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Vanilla Fudge - Vanilla Fudge [Aka:You Keep Me Hanging On] CD (album) cover


Vanilla Fudge



3.64 | 106 ratings

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4 stars Although Vanilla Fudge's debut is made up entirely of cover versions, the powerful foursome's uniquely heavy sound would nevertheless make headlines for all the right reasons upon the album's 1967 release, capturing the imaginations of rock fans across the globe by dint of being one of the first groups to showcase a sonic style that would, over the years, develop into the commercially-lucrative heavy rock and heavy metal genre's that would be popularised by the likes of Deep Purple, Led Zeppelin, Iron Maiden and Metallica as the decades wore on. The group, whose line-up featured a quartet of seriously capable musicians - Mark Stein(vocals, organ, keyboards), Carmine Appice(drums), Tim Bogert(bass) and Vince Martell(guitar) - were formed in late '66 and issued their self-titled debut a year later, just as the strains of psychedelia were starting to dominate the pop landscape upon both sides of the Atlantic ocean. Whilst many fledgling groups dealt solely in cover versions during their formative years, Vanilla Fudge's decision to dedicate an entire LP to other people's songs initially seemed rather pointless - almost lazy - until, that is, you actually heard exactly how they interpreted songs by the likes The Beatles('Day Tripper' & 'Eleanor Rigby'), Curtis Mayfield('You Keep Me Hanging On') and Sonny Bono ('Bang, Bang'). Instead of meandering through facsimile versions, the group stretched out every chord, amped-up the bass tracks into triple-thickness, added crushing guitar riffs to the mix where possible and gave each track a daring new slant that mutated them into very different creations that were virtually unrecognisable from their original forms. The storming rock version of Mayfield's classic 'You Keep Me Hanging On' is probably the track the works best, though it is closely followed by an almost mystical re-working of The Beatles 'Eleanor Rigby', a track that finds guitarist Martell and organist Stein working in almost perfect harmony. As a covers album, 'Vanilla Fudge' is virtually unique in it's ability to breathe new life into classic songs whilst simulteneously overhauling them, and the group's penchant for muscular sounds would briefly make them one of the premier American acts of the late 1960's. Alongside San Diego's Iron Butterfly, Vanilla Fudge were forging a fresh new rock 'n' roll path that made much of the poppy and fey material of the previous ten years seem childish and lightweight in comparison. This debut album is highly recommended to those fans who appreciate the heavier side of psychedelia, and the groups later albums, which featured mainly original material, are also worth seeking out(bar the bizarre sophomore album 'The Beat Goes On') for those who find The Doors or Jefferson Airplane a little too girly. Rock on. STEFAN TURNER, LONDON, 2011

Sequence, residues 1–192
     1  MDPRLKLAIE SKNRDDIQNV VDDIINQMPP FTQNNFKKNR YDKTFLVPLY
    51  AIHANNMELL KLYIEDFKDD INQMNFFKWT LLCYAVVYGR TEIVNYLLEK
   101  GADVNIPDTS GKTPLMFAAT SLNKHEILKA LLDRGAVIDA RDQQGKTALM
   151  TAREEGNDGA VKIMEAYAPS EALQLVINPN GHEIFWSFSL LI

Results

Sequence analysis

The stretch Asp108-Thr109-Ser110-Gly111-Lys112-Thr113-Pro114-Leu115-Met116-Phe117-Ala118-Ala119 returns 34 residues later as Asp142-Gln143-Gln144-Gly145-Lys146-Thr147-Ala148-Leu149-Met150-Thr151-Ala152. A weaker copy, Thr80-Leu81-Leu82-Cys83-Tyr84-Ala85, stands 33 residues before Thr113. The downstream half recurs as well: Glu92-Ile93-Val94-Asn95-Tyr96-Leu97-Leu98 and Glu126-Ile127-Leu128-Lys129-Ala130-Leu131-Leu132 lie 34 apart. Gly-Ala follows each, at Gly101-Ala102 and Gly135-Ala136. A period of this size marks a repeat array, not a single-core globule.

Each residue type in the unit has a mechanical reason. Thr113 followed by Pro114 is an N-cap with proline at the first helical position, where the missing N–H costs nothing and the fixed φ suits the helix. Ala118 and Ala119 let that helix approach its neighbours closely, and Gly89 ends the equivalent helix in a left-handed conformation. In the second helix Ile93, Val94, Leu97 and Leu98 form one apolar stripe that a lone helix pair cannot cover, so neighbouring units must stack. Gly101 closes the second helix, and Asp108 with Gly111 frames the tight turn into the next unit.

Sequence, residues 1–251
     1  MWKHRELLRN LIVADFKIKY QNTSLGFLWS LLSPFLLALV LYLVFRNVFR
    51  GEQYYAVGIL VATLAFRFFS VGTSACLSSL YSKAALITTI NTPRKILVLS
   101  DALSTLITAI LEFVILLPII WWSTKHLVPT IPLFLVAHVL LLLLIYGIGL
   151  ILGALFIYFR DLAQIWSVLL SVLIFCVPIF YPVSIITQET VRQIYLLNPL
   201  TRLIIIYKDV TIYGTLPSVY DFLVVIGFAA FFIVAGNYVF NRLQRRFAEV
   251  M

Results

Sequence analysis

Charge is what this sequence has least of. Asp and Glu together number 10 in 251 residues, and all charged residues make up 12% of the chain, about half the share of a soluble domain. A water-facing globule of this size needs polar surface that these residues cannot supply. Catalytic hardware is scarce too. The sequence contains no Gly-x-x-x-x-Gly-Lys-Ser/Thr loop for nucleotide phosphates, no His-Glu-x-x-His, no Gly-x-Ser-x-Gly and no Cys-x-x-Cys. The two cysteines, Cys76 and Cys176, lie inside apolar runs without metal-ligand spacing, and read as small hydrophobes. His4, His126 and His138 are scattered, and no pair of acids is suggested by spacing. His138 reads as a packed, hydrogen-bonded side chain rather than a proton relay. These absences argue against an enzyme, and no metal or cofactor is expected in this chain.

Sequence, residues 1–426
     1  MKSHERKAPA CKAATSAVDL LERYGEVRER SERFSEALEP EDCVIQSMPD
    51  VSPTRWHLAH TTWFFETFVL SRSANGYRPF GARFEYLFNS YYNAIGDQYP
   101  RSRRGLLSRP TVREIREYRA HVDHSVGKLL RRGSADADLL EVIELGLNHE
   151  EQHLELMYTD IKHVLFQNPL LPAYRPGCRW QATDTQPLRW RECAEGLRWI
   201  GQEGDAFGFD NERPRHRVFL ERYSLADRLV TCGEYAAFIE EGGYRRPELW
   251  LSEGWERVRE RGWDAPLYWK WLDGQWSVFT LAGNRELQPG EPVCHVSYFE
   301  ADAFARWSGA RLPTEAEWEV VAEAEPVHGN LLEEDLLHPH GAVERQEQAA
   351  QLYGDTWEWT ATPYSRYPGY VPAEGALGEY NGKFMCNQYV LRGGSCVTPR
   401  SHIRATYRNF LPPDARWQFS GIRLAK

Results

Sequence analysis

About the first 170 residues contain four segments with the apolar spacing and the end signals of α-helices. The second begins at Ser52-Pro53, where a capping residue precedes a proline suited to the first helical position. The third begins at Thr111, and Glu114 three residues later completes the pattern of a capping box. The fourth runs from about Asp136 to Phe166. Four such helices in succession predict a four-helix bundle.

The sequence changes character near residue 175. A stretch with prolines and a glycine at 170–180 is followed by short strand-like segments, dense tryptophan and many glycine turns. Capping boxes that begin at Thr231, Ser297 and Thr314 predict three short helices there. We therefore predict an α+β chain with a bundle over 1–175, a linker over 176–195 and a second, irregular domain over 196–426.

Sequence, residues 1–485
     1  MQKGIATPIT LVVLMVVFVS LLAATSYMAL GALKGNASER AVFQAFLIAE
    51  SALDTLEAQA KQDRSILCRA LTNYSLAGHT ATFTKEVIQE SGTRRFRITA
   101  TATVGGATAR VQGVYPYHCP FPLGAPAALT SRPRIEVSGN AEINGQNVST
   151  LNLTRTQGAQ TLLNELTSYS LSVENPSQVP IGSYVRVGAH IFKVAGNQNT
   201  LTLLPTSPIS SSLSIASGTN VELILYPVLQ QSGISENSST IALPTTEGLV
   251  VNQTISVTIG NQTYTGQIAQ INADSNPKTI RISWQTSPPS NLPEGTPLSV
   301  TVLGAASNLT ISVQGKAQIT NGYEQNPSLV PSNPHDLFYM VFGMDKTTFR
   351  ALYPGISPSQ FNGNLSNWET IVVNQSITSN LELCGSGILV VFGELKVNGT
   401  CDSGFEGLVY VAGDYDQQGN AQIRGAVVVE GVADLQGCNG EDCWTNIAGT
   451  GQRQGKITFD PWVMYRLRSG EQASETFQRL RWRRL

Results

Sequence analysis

stefro | 4/5 |


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